Although the ‘yoots’ of today are feared by much of the majority culture, it is often believed that it is the older generations who hold ‘outdated’ homophobic views.

But are the young really more liberal? Do Generations Y and Z hold more enlightened beliefs when it comes to sexual orientation and (trans)gender diversity?

With the announcement this week that Paris Brown, Youth Crime Commissioner for Kent Police, will escape criminal prosecution I can’t help but question whether she is simply a misguided, isolated individual or worryingly representative of her demographic. Were violent, racist, homophobic and drug endorsing rants on Twitter really just “showing off”? Using homophobic language such as “fags,” the 17-year-old also tweeted that she wanted to “cut” someone.

Despite a welcomed apology and publicly denying she is homophobic, it is her excuse which leaves me concerned.

Brown insists she “can’t imagine that [she is] the only teenager to have done this.” Even Kent Police’s local Crime Commissioner Ann Barnes defended her, going so far as to suggest “many young people go through a phase during which they make silly, often offensive comments and show off on Facebook and Twitter.”

Really? So we should expect and excuse this? If that is the expectation of a police commissioner then what hope do we have for other ‘average’ young people? Do we really think it is common and acceptable to make offensive and aggressive comments on social media or indeed in schools, the street – at work? Especially as she wasn’t simply teenager in their room on a computer or smartphone; she was paid to support and represent the diverse communities that Kent, and other forces, serve. She was in a position of responsibility.

Was this behaviour just typical of the young as dismissed by her lawyers and employer? I really hope not as it means we have an even harder task on our hands. Indeed Stonewall’s annual Equality Walk taking place again in Brighton this year will need to raise even more money if Brown is your average teenager.

The walk aims to raise awareness and funds to help tackle homophobic bullying in schools, an institution that produces many average teenagers, many just like Brown. It is truly timely and necessary work they are doing. But to reach this group is it not pertinent to represent them, much like Kent police attempted to do with Brown in the first place? How many school-aged, young people are actually designing the ways which Stonewall and teachers engage with them? To catch a monkey you need to think like one (and it’s not always slowly).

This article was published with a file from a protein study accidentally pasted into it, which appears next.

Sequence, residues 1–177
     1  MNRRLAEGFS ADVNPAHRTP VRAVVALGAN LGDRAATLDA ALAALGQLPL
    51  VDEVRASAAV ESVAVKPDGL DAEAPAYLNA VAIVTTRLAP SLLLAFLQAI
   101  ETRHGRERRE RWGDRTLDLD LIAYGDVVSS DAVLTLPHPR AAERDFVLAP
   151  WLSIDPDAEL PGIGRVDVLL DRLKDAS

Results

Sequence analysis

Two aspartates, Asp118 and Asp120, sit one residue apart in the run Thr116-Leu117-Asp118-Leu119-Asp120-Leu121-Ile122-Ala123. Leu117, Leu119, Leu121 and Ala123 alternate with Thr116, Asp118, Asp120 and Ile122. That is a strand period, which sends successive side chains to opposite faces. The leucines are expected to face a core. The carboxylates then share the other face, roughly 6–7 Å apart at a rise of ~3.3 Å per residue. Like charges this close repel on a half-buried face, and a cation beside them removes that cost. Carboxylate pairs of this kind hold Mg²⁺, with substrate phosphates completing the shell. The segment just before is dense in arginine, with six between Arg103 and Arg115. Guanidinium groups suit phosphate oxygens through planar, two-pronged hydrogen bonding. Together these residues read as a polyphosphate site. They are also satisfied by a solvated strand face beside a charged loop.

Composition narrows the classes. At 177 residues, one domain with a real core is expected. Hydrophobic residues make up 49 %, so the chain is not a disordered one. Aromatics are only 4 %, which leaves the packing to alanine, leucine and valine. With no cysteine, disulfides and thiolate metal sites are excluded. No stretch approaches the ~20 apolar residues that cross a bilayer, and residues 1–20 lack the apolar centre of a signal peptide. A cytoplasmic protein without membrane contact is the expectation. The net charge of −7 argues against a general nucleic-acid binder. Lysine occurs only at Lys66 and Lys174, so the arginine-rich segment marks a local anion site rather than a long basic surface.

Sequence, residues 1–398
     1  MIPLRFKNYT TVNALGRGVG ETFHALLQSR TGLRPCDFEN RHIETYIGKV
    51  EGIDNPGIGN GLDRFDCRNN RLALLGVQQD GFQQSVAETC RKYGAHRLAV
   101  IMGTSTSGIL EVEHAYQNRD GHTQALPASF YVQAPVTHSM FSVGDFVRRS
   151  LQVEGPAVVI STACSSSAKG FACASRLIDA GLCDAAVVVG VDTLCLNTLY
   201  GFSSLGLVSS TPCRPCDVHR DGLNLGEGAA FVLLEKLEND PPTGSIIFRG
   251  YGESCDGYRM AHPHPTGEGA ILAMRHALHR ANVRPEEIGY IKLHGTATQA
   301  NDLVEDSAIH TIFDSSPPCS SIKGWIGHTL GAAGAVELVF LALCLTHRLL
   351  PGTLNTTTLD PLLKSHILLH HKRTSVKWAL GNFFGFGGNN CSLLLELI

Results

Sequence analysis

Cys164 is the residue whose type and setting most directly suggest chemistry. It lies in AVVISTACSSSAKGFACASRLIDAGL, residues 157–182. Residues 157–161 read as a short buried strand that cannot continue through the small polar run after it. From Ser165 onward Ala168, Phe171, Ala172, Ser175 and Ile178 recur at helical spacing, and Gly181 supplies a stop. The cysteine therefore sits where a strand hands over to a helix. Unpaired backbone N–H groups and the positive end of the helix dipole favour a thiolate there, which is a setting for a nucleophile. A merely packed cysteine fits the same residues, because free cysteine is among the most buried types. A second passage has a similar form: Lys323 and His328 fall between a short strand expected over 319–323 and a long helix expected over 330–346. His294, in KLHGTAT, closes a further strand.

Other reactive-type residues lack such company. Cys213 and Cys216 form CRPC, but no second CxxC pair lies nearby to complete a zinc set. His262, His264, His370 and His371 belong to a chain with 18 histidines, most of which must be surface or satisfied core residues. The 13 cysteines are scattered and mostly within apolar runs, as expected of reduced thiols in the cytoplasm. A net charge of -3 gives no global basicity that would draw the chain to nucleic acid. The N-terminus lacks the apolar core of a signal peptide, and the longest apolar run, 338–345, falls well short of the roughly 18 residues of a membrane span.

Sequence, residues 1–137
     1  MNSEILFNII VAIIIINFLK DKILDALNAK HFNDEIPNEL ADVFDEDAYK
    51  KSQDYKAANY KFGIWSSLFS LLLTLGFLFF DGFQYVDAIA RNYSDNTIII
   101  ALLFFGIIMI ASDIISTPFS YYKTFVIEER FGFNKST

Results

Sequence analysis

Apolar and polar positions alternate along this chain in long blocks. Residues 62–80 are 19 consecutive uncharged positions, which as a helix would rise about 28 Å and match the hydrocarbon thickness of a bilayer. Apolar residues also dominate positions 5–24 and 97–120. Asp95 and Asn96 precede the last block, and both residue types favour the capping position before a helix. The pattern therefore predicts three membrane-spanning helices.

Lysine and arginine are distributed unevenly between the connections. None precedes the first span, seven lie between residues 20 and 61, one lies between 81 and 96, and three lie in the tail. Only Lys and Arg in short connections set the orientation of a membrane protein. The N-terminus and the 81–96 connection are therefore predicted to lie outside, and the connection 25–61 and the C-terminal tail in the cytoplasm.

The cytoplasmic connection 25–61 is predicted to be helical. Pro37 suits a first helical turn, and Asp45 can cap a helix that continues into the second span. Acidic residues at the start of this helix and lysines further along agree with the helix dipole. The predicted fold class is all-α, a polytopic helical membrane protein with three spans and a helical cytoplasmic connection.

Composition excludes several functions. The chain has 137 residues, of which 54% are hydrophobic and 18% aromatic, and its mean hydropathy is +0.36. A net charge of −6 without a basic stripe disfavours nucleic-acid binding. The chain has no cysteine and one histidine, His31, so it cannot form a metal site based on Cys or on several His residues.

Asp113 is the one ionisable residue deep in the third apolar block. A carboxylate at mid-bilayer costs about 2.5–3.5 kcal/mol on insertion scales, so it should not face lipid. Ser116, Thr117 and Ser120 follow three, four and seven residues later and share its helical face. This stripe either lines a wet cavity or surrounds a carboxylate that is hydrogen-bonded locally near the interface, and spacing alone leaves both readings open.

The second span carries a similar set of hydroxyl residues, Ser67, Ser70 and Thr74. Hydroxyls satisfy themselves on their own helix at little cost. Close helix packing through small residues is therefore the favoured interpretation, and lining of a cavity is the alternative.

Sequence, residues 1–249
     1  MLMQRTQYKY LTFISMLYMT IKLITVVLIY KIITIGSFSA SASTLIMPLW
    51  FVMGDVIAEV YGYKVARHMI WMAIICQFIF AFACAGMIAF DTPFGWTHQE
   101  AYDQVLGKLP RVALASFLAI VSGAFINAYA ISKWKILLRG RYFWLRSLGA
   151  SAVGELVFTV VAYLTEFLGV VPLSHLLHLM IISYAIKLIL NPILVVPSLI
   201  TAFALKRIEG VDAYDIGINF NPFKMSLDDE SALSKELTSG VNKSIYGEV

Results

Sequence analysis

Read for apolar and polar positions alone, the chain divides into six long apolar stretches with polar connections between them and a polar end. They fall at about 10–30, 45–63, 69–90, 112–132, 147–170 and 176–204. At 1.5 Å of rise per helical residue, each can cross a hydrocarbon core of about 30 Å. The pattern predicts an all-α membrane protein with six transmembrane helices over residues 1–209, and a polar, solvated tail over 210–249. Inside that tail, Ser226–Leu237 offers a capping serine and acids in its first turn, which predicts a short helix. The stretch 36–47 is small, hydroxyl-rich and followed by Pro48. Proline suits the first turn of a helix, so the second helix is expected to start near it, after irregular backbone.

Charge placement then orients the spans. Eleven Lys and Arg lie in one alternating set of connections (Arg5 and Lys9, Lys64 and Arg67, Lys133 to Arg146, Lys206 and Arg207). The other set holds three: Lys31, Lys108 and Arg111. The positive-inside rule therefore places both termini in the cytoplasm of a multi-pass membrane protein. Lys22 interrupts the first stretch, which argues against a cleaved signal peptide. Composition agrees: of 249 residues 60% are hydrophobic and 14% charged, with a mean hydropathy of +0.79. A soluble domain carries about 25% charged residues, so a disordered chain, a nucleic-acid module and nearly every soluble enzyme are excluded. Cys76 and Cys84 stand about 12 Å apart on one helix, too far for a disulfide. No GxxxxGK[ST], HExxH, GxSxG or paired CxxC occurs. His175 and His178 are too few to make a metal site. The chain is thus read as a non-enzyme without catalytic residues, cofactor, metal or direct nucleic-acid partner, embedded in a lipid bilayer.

At the Stonewall Equality Dinner last week Deputy Chief Executive for Stonewall Laura Doughty highlighted that “[h]omophobia remains a huge problem in Britain’s schools… We know we face a huge challenge in making homophobia thing of the past.”

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The event was supported by several key figures in the LGBT and wider community – but how many were from this target, younger generation? Although integral to the fight for equality there needs to be more resilience amongst the fundraising elite.

Where is the next generation of campaigners at these events? Sir Elton John, Graham Norton, Gok Wan and Clare Balding but no sign of anyone actually part of the young communities they are also seeking to support. I should imagine that Ian McKellen doesn’t need protecting from homophobic bullying in school anymore.

Active support from straight allies such as MPs John Bercow, Nick Herbert and Diane Abbott is not mirrored by heterosexual supporters amongst the next generation. Although I appreciate this event is a fundraiser – and perhaps prices out the younger audience – its press coverage sends a message that can appear disproportionate and unrepresentative.

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Looking forward it is important not to dismiss the young as naive and ignorant. They are the next leaders and agents of socio-political change. We cannot afford to ignore the misdemeanours of those in power but we also cannot forget who is next into those positions of responsibility and influence. So as Paris goes back to her average life who is the next Youth Commissioner? Will we have higher expectations of this one? But also, who is next on the invite to the Stonewall awards or popping up in schools to talk to people of their own age?


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About the author: Peter Richards
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Opinions expressed in this article may not reflect those of THEGAYUK, its management or editorial teams. If you'd like to comment or write a comment, opinion or blog piece, please click here.